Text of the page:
Andrew Mitchell welcomes the UK's leadership in international development.
I am most grateful to have an opportunity to contribute to this debate, and indeed to follow the Chairman of the International Development Committee, the hon. Member for Liverpool, West Derby (Stephen Twigg), who does the job so very well and in such an open and transparent way. I draw the House’s attention to my interests, which are documented in the Register of Members’ Financial Interests.
In discussing these estimates, I want to make the point that DFID is one of the most transparent Departments of State. Almost all its expenditure, from a very low level, is in the public domain. When it comes to transparency and the ability really to scrutinise where money is going, DFID is not surpassed by many, if any, Departments in Whitehall. I am particularly pleased about the level of agreement, although we must be wary when the House of Commons appears to agree in almost every corner—we must remember the words of the late Harold Macmillan, who said that when the House of Commons is in complete agreement, there is probably something wrong—so we must maintain self-criticism in spite of such agreement. I congratulate my hon. Friend the Member for Tewkesbury (Mr Robertson) on launching this debate, and doing it with his customary efficiency, good sense and judgment.
I am very pleased that the issue of development has not been caught up in the leadership election that my party is going through, and that what I would call the David Cameron development consensus continues to motivate and define British policy in this very important area. With all the Brexit distractions, global Britain is something that, across the House, we are very keen to see driven forward in the post-Brexit era. In many ways, the progress being made at the moment in respect of global Britain is almost entirely in this area, as I will come on, I hope, to demonstrate.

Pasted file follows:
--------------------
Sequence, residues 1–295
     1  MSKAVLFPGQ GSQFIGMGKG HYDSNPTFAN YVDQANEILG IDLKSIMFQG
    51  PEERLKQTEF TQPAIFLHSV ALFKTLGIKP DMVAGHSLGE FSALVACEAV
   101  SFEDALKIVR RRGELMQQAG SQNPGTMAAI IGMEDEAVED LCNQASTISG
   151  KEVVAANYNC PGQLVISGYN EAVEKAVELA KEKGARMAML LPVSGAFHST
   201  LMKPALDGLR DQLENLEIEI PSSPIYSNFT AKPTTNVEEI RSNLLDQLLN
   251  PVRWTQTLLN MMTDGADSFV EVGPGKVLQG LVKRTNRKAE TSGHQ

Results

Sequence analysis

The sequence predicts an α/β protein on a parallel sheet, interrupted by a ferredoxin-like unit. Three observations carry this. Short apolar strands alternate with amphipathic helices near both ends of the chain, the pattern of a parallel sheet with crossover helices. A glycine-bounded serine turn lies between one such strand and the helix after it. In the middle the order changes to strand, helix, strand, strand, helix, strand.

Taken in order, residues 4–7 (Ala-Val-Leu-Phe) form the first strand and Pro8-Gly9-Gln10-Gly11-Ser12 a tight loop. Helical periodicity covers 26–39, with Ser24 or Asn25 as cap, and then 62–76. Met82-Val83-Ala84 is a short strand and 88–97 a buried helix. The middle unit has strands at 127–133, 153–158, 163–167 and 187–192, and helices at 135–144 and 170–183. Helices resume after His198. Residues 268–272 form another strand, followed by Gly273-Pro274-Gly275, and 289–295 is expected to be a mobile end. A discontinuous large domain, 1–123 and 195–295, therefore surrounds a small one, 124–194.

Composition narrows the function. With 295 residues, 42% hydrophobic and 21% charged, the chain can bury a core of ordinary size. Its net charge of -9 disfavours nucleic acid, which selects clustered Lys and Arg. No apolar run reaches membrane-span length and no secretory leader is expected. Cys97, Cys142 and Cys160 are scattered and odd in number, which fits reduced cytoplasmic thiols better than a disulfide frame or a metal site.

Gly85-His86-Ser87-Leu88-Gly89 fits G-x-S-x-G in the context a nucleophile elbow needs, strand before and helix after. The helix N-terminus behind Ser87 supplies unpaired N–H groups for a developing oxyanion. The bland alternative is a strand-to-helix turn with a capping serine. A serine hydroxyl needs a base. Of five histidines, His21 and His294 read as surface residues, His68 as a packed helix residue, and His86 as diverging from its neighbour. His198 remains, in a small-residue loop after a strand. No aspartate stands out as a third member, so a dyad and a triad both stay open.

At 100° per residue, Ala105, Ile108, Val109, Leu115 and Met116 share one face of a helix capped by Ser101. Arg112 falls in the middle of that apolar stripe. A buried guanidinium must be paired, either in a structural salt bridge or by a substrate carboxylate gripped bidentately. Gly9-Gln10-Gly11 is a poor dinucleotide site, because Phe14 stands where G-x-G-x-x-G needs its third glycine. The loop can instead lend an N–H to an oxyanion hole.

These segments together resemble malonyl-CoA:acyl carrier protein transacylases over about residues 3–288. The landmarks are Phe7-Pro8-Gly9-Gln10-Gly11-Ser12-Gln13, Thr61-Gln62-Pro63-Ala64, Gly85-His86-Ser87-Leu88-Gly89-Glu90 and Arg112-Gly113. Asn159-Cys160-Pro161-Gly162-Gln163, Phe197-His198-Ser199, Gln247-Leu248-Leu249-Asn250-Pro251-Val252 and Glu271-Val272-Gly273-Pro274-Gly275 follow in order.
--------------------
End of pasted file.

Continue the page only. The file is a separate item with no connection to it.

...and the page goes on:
The Department for International Development contains many leading international experts who are respected around the world. It is important to underline just how respected this relatively new Department is. Hon. Members of all parties have emphasised this afternoon the importance of its remaining a separate Department. I do not think that anyone is suggesting that it should not be a separate Department, but let us be clear that it does not need to be part of another Department because of the National Security Council. That is the link between diplomacy, development and defence. The policy is beaten out and agreed there, and that provides the right level of co-ordination and underlines the importance of keeping DFID as its own area of expertise, which makes such a large contribution internationally.
United Kingdom leadership is about not just DFID, good though the Department is, but many of the academic institutions throughout the UK, which, through their academic work and thought leadership, lead on development policies around the world. Development is of huge interest to the younger generation. I am able to do a little bit of work at Cambridge University, Birmingham University and Harvard on the matter, and I am struck by how many of the next generation are united in a determination to tackle the appalling inequalities of wealth and opportunity that disfigure our world, about which our generation and theirs can do so much through technology, globalisation and so on.